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While reading about interpolation I came across the following equation in Norlund. It involves determinants and I don't understand it in full yet. I do know how Lagrange and Newton follow by using the Laplace expansion.

$$ P_n=-\det \begin{bmatrix} 1 & x_0 & \dots & x_0^n & y_0\\ 1 & x_1 & \dots & x_1^n & y_1\\ \vdots & \vdots & \ddots & \vdots & \vdots\\ 1 & x_n & \dots & x_n^n & y_n\\ 1& x & \dots & x^n & 0\\ \end{bmatrix} : \det \begin{bmatrix} 1 & x_0 & \dots & x_0^n\\ 1 & x_1 & \dots & x_1^n\\ \vdots & \vdots & \ddots & \vdots\\ 1 & x_n & \dots & x_n^n\\ \end{bmatrix} $$

Where $P_n$ is the interpolation polynomial. Let's define the following for the interpolation polynomial $P_n(x_i)=y_i$ for $i\in[0,1,...,n]$. But this implies, after converting this equation into the determinant of a single matrix $A$, the following:

$$ \det(A)=\det \begin{bmatrix} 1 & x_0 & \dots & x_0^n & y_0\\ 1 & x_1 & \dots & x_1^n & y_1\\ \vdots & \vdots & \ddots & \vdots & \vdots\\ 1 & x_n & \dots & x_n^n & y_n\\ 1& x & \dots & x^n & P_n\\ \end{bmatrix} =0\quad\quad\quad\quad\quad\quad\quad\quad $$

(Question) What is the geometric interpretation of this statement? My best guess is something along the lines of infinite solution because $x\in\mathbb{R}$.

Thanks in advance.

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In the hypotesis, you have that

$$\det \begin{bmatrix} 1 & x_0 & \dots & x_0^n\\ 1 & x_1 & \dots & x_1^n\\ \vdots & \vdots & \ddots & \vdots\\ 1 & x_n & \dots & x_n^n\\ \end{bmatrix} \neq 0$$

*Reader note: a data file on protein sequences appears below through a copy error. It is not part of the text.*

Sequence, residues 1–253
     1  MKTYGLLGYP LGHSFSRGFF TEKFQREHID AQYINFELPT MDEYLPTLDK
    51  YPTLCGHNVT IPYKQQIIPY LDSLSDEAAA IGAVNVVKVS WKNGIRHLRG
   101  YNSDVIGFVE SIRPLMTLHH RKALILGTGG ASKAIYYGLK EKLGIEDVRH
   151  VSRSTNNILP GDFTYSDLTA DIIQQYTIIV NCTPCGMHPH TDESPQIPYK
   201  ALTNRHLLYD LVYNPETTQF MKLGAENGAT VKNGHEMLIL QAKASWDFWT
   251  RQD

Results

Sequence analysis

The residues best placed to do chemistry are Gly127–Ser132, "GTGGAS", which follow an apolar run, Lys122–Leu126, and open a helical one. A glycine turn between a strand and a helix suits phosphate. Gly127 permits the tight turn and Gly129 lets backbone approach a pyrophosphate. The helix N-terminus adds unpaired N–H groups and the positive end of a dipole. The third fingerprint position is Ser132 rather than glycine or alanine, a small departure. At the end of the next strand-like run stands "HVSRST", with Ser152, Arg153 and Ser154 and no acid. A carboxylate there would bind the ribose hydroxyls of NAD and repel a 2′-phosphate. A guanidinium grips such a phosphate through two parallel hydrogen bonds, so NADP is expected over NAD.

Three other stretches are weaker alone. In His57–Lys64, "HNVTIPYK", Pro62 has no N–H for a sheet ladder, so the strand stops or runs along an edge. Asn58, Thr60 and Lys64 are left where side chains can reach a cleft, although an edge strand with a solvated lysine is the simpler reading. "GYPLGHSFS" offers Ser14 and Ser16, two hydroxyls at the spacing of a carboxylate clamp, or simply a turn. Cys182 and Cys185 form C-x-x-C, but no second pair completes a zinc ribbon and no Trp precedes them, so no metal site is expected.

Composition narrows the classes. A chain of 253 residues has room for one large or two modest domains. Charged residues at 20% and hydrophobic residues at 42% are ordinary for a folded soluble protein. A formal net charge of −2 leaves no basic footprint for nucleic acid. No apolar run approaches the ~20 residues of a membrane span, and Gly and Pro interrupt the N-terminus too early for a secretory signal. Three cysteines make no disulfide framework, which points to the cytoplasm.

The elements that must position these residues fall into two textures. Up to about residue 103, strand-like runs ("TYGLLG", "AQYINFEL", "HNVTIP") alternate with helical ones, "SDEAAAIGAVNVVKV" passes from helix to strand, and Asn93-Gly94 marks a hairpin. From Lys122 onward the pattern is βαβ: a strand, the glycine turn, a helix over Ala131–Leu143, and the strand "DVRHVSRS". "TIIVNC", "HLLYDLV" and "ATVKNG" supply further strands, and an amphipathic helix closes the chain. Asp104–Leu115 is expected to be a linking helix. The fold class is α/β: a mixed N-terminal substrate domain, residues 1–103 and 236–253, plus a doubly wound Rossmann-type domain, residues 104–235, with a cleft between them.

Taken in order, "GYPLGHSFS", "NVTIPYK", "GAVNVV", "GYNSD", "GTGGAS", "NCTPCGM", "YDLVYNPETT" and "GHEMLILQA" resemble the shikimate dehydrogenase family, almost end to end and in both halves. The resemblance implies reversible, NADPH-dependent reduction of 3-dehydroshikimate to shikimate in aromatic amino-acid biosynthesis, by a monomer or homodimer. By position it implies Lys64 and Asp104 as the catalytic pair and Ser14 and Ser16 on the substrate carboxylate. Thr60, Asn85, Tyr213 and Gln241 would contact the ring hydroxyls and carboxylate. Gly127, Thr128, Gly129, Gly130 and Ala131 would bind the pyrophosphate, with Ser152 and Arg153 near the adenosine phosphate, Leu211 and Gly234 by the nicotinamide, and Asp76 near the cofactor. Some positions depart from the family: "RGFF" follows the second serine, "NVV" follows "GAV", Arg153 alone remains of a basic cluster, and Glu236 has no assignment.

It means that

$$\ \text{rank} \begin{bmatrix} 1 & x_0 & \dots & x_0^n\\ 1 & x_1 & \dots & x_1^n\\ \vdots & \vdots & \ddots & \vdots\\ 1 & x_n & \dots & x_n^n\\ \end{bmatrix}\ = n+1 = \text{rank} \begin{bmatrix} 1 & x_0 & \dots & x_0^n\\ 1 & x_1 & \dots & x_1^n\\ \vdots & \vdots & \ddots & \vdots\\ 1 & x_n & \dots & x_n^n\\ 1 & x & \ldots & x_n\\ \end{bmatrix}\ $$ are both maximum. Now

$$ \det \begin{bmatrix} 1 & x_0 & \dots & x_0^n & y_0\\ 1 & x_1 & \dots & x_1^n & y_1\\ \vdots & \vdots & \vdots & \ddots & \vdots\\ 1 & x_n & \dots & x_n^n & y_n\\ 1& x & \dots & x^n & P_n\\ \end{bmatrix} =0 $$

means that

$$ n+1 \leq \text{rank} \begin{bmatrix} 1 & x_0 & \dots & x_0^n & y_0\\ 1 & x_1 & \dots & x_1^n & y_1\\ \vdots & \vdots & \vdots & \ddots & \vdots\\ 1 & x_n & \dots & x_n^n & y_n\\ 1& x & \dots & x^n & P_n\\ \end{bmatrix} < n+2 \Rightarrow \text{rank} \begin{bmatrix} 1 & x_0 & \dots & x_0^n & y_0\\ 1 & x_1 & \dots & x_1^n & y_1\\ \vdots & \vdots & \vdots & \ddots & \vdots\\ 1 & x_n & \dots & x_n^n & y_n\\ 1& x & \dots & x^n & P_n\\ \end{bmatrix} = n+1$$

so the last column is linearly dependent from the other columns: $\exists \lambda_0, \ldots, \lambda_n$ (the coefficients of the interpolation polynomial!) such that $\sum_{i = 0}^{n} \lambda_i x_j^i = y_j$ for all $j = 0, \ldots, n$ and $\sum_{i = 0}^{n} \lambda_i x^i = P_n$.

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  • $\begingroup$ Thanks! I like your reasoning, and I understand that the rank of the matrix $A$ is $n+1$ But could you elaborate your conclusion? $\endgroup$ – Max Mar 17 at 11:25
  • $\begingroup$ In this case, the rank is the maximum number of linerly independent columns; adding the "$y$-column" the rank doesn't increase, so the added column must be linearly dependent from the others. $\endgroup$ – dcolazin Mar 17 at 11:27
  • $\begingroup$ Thanks for your elaboration, I think I'll be able to understand it much better! PS. After refreshing linear dependance etc. $\endgroup$ – Max Mar 17 at 11:30
  • $\begingroup$ @Max how do you define the rank? $\endgroup$ – dcolazin Mar 17 at 12:05
  • $\begingroup$ The number of linearly independent columns... So thanks! $\endgroup$ – Max Mar 17 at 14:13

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